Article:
Jose Luis Gomez sat at the rear of the Pan Am 707 staring straight ahead, silent. It was his first trip on an airplane, and the first as well for most of the other 38 deportees.
Of the 92 people arrested by the U.S. Immigration and Naturalization Service at Washington's Annapolis Hotel last Tuesday-the biggest single roundup of illegal aliens in the city's history-these were the first to go home.
They waived their rights to hearings, because they had no money to post bond, because they wanted to leave anyway, or, for some, because they figured it would be easy enough to come back to the United States the way they had come before-illegally.
Less than 48 hours after their arrest, they were bused to New York, spent a day in the detention center there, then were driven in vans to Kennedy airport and loaded on the plane from the field. Some were content, even happy. For them, as one immigration official put it, the journey back to El Salvador would be "something like a high school football trip home."
But Gomez did not look around at the clouds beyong the window or laugh with the others as the stewardess performed her life jacket demonstration. Forty-one years old, the father of six children, Gomez had spent one month in the United States living in a grim section of Washington, where the smugglers left him after he paid them $800 for the eight-day trip overland from his home. He worked one week in a Washington restaurant and earned $78, and was never able to pick up his check.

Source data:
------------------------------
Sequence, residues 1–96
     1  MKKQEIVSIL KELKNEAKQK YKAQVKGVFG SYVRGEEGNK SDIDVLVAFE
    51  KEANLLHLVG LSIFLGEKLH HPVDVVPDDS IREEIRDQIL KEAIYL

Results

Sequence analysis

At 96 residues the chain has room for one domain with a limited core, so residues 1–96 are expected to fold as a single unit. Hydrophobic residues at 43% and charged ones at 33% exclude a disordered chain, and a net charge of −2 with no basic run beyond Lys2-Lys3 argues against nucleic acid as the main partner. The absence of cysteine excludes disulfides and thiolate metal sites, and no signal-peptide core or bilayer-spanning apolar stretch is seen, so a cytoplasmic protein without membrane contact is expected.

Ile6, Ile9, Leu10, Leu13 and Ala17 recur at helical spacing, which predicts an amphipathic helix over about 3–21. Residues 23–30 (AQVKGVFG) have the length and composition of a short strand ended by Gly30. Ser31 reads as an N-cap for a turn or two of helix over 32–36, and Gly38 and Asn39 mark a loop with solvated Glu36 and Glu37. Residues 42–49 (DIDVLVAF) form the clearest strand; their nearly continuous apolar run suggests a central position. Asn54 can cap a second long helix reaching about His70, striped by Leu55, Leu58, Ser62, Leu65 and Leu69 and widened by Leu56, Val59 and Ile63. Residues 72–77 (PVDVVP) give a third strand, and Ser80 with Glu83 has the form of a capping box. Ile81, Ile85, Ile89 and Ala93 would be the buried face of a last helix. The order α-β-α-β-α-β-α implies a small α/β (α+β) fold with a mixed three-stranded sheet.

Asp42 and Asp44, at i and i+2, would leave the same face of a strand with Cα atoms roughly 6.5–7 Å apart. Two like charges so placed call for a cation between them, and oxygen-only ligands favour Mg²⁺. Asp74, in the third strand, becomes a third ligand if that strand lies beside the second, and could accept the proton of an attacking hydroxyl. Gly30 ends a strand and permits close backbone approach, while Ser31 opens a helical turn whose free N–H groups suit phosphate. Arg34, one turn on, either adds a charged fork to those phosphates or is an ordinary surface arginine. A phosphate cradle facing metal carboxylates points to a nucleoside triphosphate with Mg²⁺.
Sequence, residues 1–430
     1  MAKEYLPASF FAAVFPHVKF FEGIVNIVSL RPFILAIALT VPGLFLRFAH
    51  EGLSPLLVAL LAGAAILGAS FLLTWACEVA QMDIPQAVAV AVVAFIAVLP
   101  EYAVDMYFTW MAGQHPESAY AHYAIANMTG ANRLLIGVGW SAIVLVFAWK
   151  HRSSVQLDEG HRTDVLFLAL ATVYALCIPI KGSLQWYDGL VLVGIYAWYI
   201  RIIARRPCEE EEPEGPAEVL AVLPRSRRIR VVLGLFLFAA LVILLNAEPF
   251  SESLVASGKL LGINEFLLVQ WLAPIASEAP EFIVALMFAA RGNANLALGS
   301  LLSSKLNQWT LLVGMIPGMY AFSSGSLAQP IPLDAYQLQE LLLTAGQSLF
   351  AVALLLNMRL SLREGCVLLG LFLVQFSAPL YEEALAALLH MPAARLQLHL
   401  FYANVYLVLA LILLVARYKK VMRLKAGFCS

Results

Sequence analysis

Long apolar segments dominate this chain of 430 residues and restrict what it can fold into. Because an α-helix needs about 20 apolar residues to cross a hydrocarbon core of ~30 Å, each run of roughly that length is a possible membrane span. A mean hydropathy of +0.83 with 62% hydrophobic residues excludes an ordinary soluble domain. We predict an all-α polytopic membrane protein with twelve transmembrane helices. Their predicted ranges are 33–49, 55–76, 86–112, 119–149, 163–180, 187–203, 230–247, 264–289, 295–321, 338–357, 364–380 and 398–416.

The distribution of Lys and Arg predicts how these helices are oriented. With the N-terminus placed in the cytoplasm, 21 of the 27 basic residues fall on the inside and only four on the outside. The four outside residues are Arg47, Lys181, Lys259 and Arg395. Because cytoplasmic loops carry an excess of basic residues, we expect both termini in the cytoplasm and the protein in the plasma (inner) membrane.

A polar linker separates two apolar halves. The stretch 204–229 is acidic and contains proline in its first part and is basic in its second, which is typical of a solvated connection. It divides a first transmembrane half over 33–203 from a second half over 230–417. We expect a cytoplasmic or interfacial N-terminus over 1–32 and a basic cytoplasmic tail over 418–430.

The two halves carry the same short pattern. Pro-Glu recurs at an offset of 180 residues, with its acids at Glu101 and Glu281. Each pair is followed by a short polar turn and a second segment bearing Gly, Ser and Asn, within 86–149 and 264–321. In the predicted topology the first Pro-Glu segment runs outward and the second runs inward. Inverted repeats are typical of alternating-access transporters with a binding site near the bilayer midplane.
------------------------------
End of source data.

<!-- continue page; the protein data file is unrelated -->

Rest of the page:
"To pay for the trip I worked, my wife worked in the fields near La Union. I sold everything to come. Now I have nothing, nothing," Gomez said. He moved his hand across his forehead. "I don't have money to go to the United States again."
Across the aisle, another man was laughing and joking with friends. He introduced himself as Jose Daniel Arias, 28, from the village of Intipuca. "Three years in the United States is a long time and I need to see my wife and children. I feel okay to be going back."
Arias' is the kind of success story that lured the others to the United States. It has attracted from the village of Intipuca alone 1,000 of its 5,000 residents, as well as tens of thousands more from the southern and western regions of the country.